Dementia is a progressive condition that severely impacts an individual’s cognitive abilities. Because of how quickly the mind can degenerate, estate planning should take place as soon as a diagnosis of the condition occurs.
Even though the condition grows progressively worse, many individuals live for years with the disease before it affects their quality of life. During this time, the individual could make their own decisions about writing a will and determining their estate plan.
Sufficient mental awareness
Florida requires that those who create a will be of testamentary capacity. This is the mental ability to understand the extent and nature of the property in the discussion. The individual also needs an understanding of the impact of the will when executed and the ability to define the relationships between the testator and beneficiaries of the will. Although there is the potential for a testamentary capacity challenge to the will if the individual had dementia at the time of drafting, the burden of proof rests with those who contest the will.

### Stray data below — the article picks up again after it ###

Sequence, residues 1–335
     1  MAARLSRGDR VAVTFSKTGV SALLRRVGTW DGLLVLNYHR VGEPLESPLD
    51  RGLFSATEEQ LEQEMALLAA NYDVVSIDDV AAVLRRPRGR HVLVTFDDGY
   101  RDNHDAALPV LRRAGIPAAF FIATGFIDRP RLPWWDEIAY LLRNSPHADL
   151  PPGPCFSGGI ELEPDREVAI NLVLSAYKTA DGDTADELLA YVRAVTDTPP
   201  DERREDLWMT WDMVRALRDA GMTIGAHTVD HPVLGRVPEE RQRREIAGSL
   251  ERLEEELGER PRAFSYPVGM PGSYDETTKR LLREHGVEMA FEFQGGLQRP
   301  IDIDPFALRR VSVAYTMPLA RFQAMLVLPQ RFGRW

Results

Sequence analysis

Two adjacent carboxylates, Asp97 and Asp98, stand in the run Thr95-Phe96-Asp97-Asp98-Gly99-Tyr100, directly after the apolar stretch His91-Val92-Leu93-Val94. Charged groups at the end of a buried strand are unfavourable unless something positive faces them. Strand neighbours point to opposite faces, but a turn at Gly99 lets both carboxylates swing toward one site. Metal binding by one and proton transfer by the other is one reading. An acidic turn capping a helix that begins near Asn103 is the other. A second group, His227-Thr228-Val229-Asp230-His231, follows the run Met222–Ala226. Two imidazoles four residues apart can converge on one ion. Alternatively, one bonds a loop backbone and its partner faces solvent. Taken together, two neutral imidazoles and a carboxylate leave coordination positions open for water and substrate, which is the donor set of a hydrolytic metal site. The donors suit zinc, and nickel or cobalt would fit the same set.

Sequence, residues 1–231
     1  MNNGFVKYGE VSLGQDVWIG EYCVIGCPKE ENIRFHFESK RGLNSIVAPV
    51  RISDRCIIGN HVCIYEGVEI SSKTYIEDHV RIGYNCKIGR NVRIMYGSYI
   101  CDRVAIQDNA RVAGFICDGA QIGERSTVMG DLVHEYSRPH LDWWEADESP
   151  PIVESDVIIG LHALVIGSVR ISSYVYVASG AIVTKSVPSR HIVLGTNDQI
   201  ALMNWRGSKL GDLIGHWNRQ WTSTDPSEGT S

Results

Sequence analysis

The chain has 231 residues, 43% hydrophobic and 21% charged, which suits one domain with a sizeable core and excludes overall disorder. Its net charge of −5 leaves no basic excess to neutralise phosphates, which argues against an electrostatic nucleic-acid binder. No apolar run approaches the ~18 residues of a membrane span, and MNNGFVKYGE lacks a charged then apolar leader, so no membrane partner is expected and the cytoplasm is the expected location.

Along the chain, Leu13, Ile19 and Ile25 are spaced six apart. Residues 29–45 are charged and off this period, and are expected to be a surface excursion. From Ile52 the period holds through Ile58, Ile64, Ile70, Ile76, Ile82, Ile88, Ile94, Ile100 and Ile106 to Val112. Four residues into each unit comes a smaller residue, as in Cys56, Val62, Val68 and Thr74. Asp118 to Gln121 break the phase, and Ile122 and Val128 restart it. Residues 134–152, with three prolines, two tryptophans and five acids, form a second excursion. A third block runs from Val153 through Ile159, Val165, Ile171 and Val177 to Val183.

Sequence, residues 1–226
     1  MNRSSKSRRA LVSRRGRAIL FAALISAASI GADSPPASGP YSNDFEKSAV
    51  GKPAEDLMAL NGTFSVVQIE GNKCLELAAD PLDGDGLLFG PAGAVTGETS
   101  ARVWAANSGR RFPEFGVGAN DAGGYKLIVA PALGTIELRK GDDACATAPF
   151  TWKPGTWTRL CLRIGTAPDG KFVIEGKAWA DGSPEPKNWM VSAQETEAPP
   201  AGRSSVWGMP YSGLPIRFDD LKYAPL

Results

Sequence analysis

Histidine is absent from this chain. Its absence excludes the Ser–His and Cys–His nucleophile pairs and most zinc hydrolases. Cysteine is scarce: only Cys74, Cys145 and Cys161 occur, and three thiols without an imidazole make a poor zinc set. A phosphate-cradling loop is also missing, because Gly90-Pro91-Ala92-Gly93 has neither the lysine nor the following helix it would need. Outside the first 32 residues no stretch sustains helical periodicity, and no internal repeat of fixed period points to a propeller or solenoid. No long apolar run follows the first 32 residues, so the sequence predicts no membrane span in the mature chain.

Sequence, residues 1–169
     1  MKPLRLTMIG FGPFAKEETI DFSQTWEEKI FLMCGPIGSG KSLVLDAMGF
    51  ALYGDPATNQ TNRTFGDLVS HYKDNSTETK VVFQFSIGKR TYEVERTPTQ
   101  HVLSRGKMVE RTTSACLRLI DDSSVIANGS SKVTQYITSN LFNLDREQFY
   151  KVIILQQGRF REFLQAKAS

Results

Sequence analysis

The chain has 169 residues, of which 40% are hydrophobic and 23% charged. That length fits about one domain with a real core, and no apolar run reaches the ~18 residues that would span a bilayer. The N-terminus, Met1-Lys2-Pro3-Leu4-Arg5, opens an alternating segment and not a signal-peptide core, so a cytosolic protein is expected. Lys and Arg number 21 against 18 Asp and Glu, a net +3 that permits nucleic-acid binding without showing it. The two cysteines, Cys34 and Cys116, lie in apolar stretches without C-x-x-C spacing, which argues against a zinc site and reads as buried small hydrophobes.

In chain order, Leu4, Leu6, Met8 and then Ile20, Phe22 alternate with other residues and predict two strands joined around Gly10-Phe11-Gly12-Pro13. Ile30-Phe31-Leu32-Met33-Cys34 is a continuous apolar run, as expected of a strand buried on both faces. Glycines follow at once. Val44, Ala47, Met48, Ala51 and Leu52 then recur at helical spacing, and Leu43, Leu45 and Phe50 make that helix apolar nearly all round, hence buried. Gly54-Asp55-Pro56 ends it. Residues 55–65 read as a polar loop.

Sound mind and judgment
For individuals with dementia, the condition progresses to the point where there are very few moments of lucidity or comprehension. It is much easier to challenge a will when there is medical evidence supporting the individual’s lack of mental presence or being of a sound mind when drafting a will. The court looks at the individual’s condition before and after the will to determine testamentary capacity.
The degenerative nature of dementia should encourage individuals to make their legal plans as soon as possible. This can prevent confusion and help protect the validity of the will.